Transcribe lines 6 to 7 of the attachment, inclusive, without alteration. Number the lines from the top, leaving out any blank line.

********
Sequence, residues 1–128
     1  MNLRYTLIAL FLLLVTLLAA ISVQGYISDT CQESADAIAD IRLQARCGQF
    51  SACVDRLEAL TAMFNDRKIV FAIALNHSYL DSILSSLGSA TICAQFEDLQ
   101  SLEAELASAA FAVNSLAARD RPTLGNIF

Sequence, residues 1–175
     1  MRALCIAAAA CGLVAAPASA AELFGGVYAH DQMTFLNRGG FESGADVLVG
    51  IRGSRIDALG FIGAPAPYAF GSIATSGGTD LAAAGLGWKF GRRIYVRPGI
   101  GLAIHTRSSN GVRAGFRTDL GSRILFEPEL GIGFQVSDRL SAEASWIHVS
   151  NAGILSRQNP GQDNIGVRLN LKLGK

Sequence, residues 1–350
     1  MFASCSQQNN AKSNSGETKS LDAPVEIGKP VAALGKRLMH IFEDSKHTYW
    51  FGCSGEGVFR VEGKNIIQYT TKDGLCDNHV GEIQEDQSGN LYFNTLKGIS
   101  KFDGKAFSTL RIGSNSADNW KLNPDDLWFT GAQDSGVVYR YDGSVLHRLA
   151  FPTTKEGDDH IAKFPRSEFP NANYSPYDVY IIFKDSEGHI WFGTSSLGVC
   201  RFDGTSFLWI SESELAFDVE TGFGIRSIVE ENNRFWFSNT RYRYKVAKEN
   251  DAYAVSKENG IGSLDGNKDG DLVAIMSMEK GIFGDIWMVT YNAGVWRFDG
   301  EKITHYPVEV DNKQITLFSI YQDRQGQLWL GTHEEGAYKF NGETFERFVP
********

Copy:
     1  MRALCIAAAA CGLVAAPASA AELFGGVYAH DQMTFLNRGG FESGADVLVG
    51  IRGSRIDALG FIGAPAPYAF GSIATSGGTD LAAAGLGWKF GRRIYVRPGI